Spokane Journal of Business

Place LA grows in pandemic

In sixth year, boutique landscape designer receives most work from residential clients

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-—Karina Elias
While nearly three-quarters of the design work Place LA performs is residential, its commercial work includes projects like the landscaping at the Ronald McDonald House in Spokane.

Recent restrictions on outdoor watering by the city of Spokane have put greater emphasis on conservation-minded approaches promoted by Spokane-based Place Landscape Architecture LLC, says Joshua Tripp, founder of the growing boutique design company.

“We are always trying to be efficient with design and apply the best methodologies that save the most resources to our clients. It’s interwoven into what we do,” says Tripp.

Almost three-quarters of the design work that Place LA performs is residential, says Tripp. Over the last couple of years, the irrigation industry has made technology accessible and simple enough to use that it has become easier for people to embrace, he adds.

“Once we educate our clients about how those systems work and their benefits, it’s like ‘Of course, why wouldn’t we do that?’” he explains.

Founded in 2016 with just $100 in a business account, Place LA has grown to nine total employees and expanded its presence to the Tri-Cities with two remote workers. 

It occupies 1,000 square feet of space in the second floor of the Eldridge Building, located at 1325 W. First, suite 204, in downtown’s west end. 

The company works on 125 to 150 projects a year and is poised to exceed $1 million in revenue this year, says Tripp. Place LA is licensed in seven states and has performed work throughout western and southwestern U.S.

“We bring a lot of that design knowledge to the Pacific Northwest, which is totally applicable and relevant,” says Tripp.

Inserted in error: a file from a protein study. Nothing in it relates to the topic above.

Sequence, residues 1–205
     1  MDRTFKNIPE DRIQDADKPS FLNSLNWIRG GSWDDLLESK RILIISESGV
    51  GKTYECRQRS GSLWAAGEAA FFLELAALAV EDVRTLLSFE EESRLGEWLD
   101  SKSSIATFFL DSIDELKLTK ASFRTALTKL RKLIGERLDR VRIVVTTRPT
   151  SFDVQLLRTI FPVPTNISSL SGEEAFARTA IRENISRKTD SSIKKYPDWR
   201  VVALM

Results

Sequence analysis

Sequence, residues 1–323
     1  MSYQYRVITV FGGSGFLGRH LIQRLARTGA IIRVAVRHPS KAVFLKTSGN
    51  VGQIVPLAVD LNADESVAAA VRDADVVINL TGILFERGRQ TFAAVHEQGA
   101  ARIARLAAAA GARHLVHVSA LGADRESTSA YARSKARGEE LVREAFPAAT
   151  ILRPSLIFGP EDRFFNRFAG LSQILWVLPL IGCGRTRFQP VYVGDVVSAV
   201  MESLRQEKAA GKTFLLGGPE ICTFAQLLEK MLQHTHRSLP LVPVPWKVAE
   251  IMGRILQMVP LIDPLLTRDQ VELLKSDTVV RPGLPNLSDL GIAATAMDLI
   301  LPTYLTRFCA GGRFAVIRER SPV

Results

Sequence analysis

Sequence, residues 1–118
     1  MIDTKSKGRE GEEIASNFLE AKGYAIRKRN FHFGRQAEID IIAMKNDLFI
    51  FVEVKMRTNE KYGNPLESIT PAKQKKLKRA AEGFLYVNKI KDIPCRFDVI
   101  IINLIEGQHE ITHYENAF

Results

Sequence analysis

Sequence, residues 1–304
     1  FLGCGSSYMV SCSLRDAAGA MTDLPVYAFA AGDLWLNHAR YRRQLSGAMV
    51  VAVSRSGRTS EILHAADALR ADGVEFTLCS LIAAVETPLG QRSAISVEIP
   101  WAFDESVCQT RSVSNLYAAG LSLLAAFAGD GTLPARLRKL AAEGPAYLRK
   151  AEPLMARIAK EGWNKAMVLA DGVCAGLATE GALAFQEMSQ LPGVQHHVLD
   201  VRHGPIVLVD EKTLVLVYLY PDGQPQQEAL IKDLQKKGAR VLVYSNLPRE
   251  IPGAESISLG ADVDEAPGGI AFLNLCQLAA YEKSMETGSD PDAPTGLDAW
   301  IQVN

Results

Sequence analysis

As designers, Tripp says the company has work year-round and has a “plant palette”—a selection of plant types it’s comfortable working with that are regionally adaptive and are known to survive extreme cold winters and the region’s hot and dry summers. Once established, those plants are not heavy consumers and will require less water than tropical plants or flowering annual plants. As designers, Place LA uses color from a selection of shrubs, trees, and vegetation whose colors change seasonally and with the change in temperature.

“There are several perennials that come back every year on their own and give you that show of color, but are generally a low maintenance plant,” he explains.

Because the lawn space is the biggest consumer of water in the U.S., the architects at Place LA try to encourage clients to use alternate outdoor design elements, explains Tripp. Mountain meadows and prairie grasses are two elements Place LA encourages clients to use instead of conventional lawn grass. Prairie grasses are naturally occurring in the Palouse and high desert areas, and once established have a more robust deeper root system that allows them to collect water with less irrigation, he says. Turf grasses, in comparison, require more water because of their shallow root systems.

“There lies the art of design. How do we make those places look good and not just overwhelmed with weeds?” he says. 

Design projects take about two months to complete, says Tripp. Place LA leads the conversation with each client to determine their connections and aversions. The company generally gets a slate of calls in spring when the weather is nice, but by then it’s too late to implement a design says Tripp. 

Tripp has almost 30 years of experience working in landscape architecture. As an undergraduate at Washington State University in recreational and leisure studies, his major required that he take a parks design course. Walking into the Landscape Architecture department, Tripp says he was taken back by the fusion of art, science, and technology that made up landscape architecture and decided to change his major soon after.

“It was one of those situations where landscape architecture found me. I switched my major and never looked back,” he says.

Karina Elias
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Reporter Karina Elias covers the banking and finance industry. A California native, she attended the University of California at Santa Barbara. Karina loves salsa dancing, traveling, baking, cuddling with her dog, and writing creative fiction and non-fiction.  

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